Summer as a transit magician

There are a lot of things I expected when I accepted a summer internship with Cloudflare’s Magic Transit team. I figured they would send me some nice swag (thanks for the socks!), and I would have to write some code. What I did not anticipate was shipping that code to Cloudflare’s edge to improve routing of trillions of bytes of data for real customers every day. I also did not expect my work to have a substantial, quantifiable impact on the product within twelve short weeks.

Thoughts on the M1 MacBook Air

I am a heavy computer user. I use large programs which take up plenty of space and drain enough battery to power a small nation. I also use mail clients, music players, password managers, photos apps, and notes. Often simultaneously. I don’t expect a new computer to perform miracles. I fully expect to have to carry around a charging brick with me for the rest of my life. In less than a week, the 2020 M1 MacBook Air has challenged my expectations and given me renewed hope in a cordless-backpack future.

Gnarly image manipulation

For CS 314H, our first project involves programming routines to perform visual transformations for images. While I can’t share any of the code, I will present a few of my favorite examples: A motorcycle with a single Gaussian blur and edge detector applied (middle). After another edge detection pass and some smoothing/Gaussian blurs, the outline on the right emerged. Source image courtesy of Harley-Davidson. Of course, often times our greatest feats are the results of our most egregious blunders:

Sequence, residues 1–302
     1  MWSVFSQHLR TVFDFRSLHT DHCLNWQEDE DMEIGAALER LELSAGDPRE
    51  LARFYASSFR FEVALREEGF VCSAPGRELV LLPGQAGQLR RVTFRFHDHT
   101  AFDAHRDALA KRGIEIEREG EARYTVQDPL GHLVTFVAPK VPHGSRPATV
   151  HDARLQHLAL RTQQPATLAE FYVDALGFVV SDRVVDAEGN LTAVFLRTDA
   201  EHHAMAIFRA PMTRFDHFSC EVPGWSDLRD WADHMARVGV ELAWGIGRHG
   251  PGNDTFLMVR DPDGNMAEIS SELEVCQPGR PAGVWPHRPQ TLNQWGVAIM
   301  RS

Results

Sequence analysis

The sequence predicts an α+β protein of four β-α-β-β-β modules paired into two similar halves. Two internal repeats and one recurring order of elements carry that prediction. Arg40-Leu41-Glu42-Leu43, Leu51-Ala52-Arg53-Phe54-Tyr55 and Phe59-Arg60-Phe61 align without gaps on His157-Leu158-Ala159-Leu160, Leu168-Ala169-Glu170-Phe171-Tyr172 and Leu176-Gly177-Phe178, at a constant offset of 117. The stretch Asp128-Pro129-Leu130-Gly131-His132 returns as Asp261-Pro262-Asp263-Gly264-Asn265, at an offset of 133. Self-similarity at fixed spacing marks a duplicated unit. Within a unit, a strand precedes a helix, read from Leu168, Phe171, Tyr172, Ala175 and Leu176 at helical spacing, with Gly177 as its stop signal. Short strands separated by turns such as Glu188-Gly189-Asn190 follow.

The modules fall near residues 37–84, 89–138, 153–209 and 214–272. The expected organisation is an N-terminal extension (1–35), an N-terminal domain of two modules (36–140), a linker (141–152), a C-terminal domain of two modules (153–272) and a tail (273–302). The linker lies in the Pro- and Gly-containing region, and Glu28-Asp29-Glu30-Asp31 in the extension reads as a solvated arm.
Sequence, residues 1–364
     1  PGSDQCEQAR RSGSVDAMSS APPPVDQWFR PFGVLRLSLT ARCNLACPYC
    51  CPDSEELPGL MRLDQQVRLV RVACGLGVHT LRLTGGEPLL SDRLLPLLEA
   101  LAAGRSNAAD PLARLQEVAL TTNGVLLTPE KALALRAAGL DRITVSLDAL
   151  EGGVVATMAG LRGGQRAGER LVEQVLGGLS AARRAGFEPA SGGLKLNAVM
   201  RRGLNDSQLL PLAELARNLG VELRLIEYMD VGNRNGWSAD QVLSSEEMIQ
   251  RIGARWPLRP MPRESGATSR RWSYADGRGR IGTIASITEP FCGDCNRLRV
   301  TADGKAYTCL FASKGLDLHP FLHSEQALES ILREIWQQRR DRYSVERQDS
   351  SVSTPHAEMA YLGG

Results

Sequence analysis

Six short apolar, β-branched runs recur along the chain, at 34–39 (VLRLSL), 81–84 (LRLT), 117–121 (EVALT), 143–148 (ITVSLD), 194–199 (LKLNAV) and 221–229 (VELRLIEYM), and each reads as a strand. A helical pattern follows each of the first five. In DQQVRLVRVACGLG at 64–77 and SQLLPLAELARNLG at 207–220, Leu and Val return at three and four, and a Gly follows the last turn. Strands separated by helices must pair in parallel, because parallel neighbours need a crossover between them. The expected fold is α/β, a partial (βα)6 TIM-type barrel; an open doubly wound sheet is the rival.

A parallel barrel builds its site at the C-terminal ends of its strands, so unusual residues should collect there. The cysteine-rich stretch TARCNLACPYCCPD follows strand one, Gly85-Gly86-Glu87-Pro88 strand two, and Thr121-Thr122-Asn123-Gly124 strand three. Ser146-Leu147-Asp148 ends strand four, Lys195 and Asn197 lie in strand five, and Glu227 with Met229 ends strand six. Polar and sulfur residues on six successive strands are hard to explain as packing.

Randomness and the human condition

This is a (slightly edited) version of my favorite college supplemental essay which I wrote in response to one of the Yale prompts: What is a random number? It would seem like a question with an obvious, striking answer: a random number is a number that cannot be predicted. But clearly, any particular number cannot be random; the number 42 immediately follows the number 41 and proceeds 43. Give me a tape measure and I can find 42 inches, a calculator and I can multiply six by seven.